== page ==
Bright Lights and Buzzing Nightlife of New York

Gustav Klimt (July 14, 1862 – February 6, 1918) was an Austrian symbolist painter and one of the most prominent members of the Vienna Secession movement. Klimt is noted for his paintings, murals, sketches, and other objets d’art. Among the artists of the Vienna Secession, Klimt was the most influenced by Japanese art and its methods.

Early in his artistic career, he was a successful painter of architectural decorations in a conventional manner. As he developed a more personal style, his work was the subject of controversy that culminated when the paintings he completed around 1900 for the ceiling of the Great Hall of the University of Vienna were criticized. He subsequently accepted no more public commissions, but achieved a new success with the paintings of his “golden phase”, many of which include gold leaf.
Klimt’s ‘Golden Phase’ was marked by positive critical reaction and financial success. Many of his paintings from this period included gold leaf. Klimt had previously used gold in his Pallas Athene (1898) and Judith I (1901), although the works most popularly associated with this period are the Portrait of Adele Bloch-Bauer I (1907) and The Kiss (1907–08).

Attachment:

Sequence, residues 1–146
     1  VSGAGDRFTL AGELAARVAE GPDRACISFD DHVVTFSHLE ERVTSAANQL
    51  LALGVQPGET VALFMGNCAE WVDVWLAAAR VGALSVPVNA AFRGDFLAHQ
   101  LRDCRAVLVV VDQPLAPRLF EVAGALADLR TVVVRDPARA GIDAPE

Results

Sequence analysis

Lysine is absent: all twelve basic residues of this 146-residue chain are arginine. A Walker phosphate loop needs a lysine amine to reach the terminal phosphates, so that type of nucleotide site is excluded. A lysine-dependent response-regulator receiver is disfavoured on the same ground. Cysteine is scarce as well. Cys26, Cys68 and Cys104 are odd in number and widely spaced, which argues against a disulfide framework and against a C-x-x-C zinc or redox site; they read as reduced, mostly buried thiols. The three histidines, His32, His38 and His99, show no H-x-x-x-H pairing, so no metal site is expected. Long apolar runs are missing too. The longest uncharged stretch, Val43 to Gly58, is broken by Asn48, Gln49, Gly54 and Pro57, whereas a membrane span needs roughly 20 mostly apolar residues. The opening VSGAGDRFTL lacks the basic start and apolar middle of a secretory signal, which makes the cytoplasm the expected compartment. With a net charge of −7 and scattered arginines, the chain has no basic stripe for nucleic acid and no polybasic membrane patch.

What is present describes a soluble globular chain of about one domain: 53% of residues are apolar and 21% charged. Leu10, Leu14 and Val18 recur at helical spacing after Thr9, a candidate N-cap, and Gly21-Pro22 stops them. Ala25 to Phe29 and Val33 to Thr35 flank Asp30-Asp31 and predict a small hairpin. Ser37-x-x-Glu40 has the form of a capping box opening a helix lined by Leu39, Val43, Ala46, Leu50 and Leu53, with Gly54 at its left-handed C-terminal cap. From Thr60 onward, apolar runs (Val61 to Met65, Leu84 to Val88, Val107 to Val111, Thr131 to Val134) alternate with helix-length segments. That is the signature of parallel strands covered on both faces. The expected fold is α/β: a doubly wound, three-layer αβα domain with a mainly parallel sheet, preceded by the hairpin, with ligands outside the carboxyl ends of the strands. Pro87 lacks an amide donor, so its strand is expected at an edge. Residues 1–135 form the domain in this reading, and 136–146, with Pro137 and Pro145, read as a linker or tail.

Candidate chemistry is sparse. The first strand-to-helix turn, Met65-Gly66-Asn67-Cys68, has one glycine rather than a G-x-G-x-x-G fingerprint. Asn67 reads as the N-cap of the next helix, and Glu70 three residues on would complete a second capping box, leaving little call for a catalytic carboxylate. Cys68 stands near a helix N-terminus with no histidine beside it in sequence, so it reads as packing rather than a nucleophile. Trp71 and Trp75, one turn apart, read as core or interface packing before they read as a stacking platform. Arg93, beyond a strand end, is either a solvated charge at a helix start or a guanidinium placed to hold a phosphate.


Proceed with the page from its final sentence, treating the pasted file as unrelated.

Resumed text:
In other hand, different place and time, passing trough designer Rafael Esquer has lived in New York City for 20 years, he’s still in awe of its bright lights and buzzing nightlife. As the founder of Alfalfa Studio, a branding and graphic design house based in Lower Manhattan, he creates pieces inspired by his enlightening experiences in the Big Apple. His latest project, a shimmering map entitled Iconic New York Illuminated, captures the magic of Manhattan after dark.
While Rafael Esquer was raised in Mexico, he studied in California before moving to New York City. Like many transplants, he was immediately mesmerized by the metropolis’ luminescence. “I was an undergraduate visiting from California, and arrived late in the evening,” he told Designboom. “Like most people, I found the city’s lights exhilarating, but they did even more for me: I felt enveloped and connected in their glow, instantly a part of the city. I knew right then that I would live here.” As a branding expert, Esquer decided to design a stand-out souvenir that—unlike New York’s ho-hum selection of Lady Liberty headbands and cliché “I Heart NY” shirts—captured the electric energy of the city that never sleeps.

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